-- Alan Mozes
WEDNESDAY, Aug. 25 (HealthDay News) -- Cholesterol-lowering
statins could go a long way toward protecting against heart disease
among patients who are deemed to have an "intermediate risk" for
cardiovascular trouble, a new study suggests.
The finding specifically applies to those men and women who,
despite having normal cholesterol levels, have high levels of a
protein linked to inflammation (the so-called high sensitivity
C-reactive protein, or "hsCRP"), and bear a 5 percent to 20 percent
risk for developing heart disease within 10 years.
For such individuals, a regimen of statins could lower their
risk for stroke and/or heart attack by more than 40 percent, the
Study author Dr. Paul Ridker, director of the Center for
Cardiovascular Disease Prevention at Brigham and Women's Hospital
in Boston, reports his team's observations in the Aug. 24 issue of
Circulation: Cardiovascular Quality and Outcomes.
The American Heart Association and the U.S. Centers for Disease
Control and Prevention both recommend hsCRP testing for patients
with an intermediate risk for heart disease.
Statin drugs can be effective at lowering hsCRP levels as well
as cholesterol, the study authors noted.
To arrive at their assessment, Ridker and his colleagues
re-analyzed already-collected data from a large statin study that
included men over the age of 50 and women over the age of 60 who
were prescribed rosuvastatin (Crestor) at a dosage of 20
Using standard measures for assessing risk based on factors such
as age, gender, smoking, blood pressure and cholesterol levels, the
study authors determined that statins cause heart disease risk to
drop by 45 percent among patients with a 10-year risk of between 5
percent and 10 percent, which tends to include more women than
Those facing an even higher decade-long risk (between 11 percent
and 20 percent) saw that risk drop by nearly 50 percent, the study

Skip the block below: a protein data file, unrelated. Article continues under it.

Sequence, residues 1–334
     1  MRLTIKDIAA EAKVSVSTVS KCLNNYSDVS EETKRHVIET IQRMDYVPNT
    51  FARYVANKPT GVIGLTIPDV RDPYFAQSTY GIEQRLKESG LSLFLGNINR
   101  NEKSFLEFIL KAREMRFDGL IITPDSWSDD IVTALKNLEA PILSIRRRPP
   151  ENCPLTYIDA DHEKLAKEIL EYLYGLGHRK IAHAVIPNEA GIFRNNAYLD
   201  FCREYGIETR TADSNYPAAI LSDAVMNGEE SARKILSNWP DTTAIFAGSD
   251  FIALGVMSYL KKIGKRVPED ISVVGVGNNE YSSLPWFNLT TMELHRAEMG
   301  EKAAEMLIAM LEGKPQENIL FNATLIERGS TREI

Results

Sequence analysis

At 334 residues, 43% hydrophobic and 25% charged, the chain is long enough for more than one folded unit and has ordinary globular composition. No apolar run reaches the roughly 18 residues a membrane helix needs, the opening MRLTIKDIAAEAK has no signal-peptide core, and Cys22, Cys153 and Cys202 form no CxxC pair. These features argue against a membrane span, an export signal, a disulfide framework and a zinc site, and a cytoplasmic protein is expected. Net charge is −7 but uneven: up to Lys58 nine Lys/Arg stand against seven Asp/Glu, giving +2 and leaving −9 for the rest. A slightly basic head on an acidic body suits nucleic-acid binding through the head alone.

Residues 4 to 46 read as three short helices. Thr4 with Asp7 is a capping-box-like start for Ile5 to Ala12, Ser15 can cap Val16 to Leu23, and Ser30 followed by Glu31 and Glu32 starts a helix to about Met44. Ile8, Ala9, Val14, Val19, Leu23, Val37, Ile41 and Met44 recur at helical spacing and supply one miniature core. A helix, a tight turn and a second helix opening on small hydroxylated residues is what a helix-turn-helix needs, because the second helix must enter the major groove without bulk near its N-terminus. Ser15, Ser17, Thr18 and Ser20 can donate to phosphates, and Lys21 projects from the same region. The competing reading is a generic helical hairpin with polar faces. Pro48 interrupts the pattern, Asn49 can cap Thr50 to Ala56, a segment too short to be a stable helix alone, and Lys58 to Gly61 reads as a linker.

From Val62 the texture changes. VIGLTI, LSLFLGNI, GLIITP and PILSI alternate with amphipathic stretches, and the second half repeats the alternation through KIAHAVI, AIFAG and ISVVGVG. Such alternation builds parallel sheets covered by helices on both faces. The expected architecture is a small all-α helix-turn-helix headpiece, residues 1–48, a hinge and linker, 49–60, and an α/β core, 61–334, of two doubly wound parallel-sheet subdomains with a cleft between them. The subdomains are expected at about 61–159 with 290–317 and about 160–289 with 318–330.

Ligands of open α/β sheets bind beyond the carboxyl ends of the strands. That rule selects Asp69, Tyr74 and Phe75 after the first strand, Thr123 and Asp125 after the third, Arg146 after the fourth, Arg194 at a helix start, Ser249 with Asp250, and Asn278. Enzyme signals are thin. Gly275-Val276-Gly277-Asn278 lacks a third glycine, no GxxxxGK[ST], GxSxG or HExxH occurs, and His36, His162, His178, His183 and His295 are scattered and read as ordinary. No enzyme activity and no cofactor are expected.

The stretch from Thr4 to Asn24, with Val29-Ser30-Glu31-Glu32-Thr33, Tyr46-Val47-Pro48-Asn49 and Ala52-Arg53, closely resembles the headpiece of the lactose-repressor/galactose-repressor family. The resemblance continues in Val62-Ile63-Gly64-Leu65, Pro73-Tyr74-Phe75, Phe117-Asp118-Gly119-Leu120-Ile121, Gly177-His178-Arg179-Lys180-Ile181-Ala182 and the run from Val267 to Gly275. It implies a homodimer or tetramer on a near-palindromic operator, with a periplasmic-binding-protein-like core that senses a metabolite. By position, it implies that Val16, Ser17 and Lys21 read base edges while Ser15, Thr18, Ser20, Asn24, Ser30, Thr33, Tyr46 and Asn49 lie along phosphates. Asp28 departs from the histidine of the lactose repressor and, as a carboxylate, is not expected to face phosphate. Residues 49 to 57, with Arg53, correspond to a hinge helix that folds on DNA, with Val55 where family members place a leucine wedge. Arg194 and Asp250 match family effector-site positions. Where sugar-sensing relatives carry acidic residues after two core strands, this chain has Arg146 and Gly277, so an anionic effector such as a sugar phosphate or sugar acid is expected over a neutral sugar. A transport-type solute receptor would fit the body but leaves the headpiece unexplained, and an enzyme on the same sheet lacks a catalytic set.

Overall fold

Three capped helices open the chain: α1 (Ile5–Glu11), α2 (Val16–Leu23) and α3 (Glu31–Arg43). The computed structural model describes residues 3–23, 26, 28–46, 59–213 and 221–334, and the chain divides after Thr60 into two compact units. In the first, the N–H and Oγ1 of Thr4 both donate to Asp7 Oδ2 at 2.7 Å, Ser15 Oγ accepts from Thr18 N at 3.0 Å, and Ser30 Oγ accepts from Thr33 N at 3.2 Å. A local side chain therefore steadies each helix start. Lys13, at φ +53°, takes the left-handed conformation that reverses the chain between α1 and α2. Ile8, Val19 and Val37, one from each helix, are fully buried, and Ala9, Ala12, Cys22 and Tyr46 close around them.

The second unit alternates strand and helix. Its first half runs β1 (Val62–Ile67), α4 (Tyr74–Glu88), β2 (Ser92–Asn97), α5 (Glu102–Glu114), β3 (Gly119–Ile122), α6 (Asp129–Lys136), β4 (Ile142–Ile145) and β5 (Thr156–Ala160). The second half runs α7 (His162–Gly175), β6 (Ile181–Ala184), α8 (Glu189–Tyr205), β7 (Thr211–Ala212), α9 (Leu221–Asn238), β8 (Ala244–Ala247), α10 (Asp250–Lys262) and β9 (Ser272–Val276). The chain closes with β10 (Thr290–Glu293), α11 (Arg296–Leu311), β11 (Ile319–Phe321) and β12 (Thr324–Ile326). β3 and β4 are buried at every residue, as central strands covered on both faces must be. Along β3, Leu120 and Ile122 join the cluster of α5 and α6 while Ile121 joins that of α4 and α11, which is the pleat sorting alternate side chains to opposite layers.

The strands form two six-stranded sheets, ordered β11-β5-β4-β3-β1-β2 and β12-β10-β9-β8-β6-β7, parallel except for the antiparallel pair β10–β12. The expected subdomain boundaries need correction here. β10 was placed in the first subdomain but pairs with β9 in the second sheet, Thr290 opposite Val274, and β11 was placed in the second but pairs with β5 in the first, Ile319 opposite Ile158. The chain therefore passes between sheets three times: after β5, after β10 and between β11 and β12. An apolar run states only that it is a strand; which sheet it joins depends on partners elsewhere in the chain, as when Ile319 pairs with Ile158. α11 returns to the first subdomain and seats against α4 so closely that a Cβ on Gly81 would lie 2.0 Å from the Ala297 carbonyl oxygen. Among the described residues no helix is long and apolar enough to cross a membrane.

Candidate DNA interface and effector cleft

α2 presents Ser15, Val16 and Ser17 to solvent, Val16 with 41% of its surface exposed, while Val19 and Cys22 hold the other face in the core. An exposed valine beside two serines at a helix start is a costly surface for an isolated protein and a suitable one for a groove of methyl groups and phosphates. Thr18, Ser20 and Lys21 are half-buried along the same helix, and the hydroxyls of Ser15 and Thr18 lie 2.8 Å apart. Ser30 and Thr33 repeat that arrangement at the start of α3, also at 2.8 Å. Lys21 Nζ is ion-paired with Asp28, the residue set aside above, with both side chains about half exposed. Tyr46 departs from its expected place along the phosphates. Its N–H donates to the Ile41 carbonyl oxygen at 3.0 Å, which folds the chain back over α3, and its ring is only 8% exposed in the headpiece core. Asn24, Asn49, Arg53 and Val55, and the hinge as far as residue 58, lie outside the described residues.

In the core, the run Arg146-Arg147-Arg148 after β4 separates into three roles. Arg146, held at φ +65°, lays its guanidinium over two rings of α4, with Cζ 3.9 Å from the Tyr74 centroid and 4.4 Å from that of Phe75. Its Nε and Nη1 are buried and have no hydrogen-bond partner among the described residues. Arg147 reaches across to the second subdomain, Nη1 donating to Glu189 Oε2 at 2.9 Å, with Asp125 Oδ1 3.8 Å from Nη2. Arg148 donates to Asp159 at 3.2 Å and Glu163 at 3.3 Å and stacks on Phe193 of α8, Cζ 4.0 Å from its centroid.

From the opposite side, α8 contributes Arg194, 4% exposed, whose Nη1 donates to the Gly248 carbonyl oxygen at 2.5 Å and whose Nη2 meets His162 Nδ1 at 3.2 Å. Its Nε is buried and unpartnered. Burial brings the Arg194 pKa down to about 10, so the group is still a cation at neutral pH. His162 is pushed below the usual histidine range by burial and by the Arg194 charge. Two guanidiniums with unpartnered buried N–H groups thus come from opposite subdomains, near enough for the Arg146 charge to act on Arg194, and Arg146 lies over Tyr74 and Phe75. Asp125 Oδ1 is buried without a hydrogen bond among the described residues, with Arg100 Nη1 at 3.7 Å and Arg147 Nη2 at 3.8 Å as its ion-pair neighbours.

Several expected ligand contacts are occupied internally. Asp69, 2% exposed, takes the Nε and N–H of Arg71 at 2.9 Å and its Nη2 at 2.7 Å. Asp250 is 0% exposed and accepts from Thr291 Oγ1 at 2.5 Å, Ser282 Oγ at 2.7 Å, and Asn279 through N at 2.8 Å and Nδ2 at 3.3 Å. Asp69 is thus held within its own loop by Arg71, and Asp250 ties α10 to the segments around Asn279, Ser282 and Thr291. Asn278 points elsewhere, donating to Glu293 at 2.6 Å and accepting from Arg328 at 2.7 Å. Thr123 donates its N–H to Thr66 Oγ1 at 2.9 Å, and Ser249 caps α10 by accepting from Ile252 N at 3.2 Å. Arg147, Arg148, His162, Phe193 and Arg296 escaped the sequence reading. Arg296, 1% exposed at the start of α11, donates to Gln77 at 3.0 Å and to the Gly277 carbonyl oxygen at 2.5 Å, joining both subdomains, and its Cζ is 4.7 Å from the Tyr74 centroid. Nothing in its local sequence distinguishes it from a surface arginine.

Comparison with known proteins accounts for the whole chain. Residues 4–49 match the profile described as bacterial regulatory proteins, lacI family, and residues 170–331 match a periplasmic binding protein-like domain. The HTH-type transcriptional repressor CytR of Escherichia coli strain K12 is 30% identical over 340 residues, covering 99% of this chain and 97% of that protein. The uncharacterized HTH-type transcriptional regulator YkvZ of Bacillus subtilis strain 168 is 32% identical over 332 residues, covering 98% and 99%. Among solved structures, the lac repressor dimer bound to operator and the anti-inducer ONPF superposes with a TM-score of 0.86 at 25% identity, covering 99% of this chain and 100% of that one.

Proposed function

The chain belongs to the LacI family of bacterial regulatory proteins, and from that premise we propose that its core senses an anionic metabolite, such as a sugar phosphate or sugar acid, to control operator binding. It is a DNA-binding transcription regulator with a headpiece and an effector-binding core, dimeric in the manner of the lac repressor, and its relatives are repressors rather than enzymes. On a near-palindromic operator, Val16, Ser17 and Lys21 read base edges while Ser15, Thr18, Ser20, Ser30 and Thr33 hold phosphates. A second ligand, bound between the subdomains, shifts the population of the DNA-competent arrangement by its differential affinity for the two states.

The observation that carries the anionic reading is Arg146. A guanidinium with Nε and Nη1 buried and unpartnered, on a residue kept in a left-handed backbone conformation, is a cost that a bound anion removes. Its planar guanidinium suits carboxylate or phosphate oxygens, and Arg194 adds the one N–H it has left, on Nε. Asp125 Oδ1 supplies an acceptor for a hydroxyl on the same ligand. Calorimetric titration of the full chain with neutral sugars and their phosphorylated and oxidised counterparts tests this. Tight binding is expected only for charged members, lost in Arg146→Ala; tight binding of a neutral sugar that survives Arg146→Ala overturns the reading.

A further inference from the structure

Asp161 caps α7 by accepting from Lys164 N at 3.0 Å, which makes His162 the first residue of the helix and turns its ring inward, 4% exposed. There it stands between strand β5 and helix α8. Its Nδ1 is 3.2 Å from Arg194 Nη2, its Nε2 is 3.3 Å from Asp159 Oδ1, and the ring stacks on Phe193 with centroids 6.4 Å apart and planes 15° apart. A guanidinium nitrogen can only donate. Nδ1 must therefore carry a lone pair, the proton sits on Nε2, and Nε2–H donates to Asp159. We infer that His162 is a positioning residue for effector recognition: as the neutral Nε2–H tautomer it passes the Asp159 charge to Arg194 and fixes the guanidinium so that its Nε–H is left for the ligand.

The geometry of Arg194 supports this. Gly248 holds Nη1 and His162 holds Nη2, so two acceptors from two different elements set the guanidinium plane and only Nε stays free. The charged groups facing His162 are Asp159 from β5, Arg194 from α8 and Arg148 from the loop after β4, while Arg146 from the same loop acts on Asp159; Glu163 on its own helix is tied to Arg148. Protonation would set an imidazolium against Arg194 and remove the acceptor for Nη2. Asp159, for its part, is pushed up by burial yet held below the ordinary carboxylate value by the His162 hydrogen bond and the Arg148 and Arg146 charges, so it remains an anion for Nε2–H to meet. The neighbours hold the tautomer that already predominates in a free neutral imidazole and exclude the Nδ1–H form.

Those with a less than 5 percent risk for heart disease did not
seem to benefit from statin use, however.
Dr. Donald Smith, director of lipids and metabolism at the
Cardiovascular Institute at Mount Sinai Medical Center in New York
City, said the findings could lead to a significant shift in
screening protocols for some groups.
"This potentially could change guidelines as to how you screen and treat those men and women in this particular age population, which is over the age of 50 in men and 60 in women. So, this does not apply to the whole population, and that's important to point out."
"But in this age group, among people with moderate risk for heart disease, getting a C-reactive protein screening just to see what's going on could be very helpful," Smith added. "Because this study shows that if that level is high -- even if their LDL is still very low -- they can benefit from statins."
Dr. Pamela Ouyang, a professor of medicine at Johns Hopkins
University School of Medicine, cautioned that no conclusions should
be drawn regarding other types of statins, or prescription regimens
using dosages lower than those used in the study.
Still, she said in an American Heart Association news release
that the "study provides important information indicating the
groups of men and women who have high CRP and normal LDL
cholesterol that could benefit from statin treatment."
Ridker is a co-inventor on patents held by the Brigham and
Women's Hospital related to the use of inflammatory biomarkers in
cardiovascular disease that have been licensed to the drug
companies Siemens and AstraZeneca, according to the news
To learn more about statins, visit the
U.S. National Library of Medicine.
Please be aware that this information is provided to supplement the care provided by your physician. It is neither intended nor implied to be a substitute for professional medical advice. CALL YOUR HEALTHCARE PROVIDER IMMEDIATELY IF YOU THINK YOU MAY HAVE A MEDICAL EMERGENCY. Always seek the advice of your physician or other qualified health provider prior to starting any new treatment or with any questions you may have regarding a medical condition.
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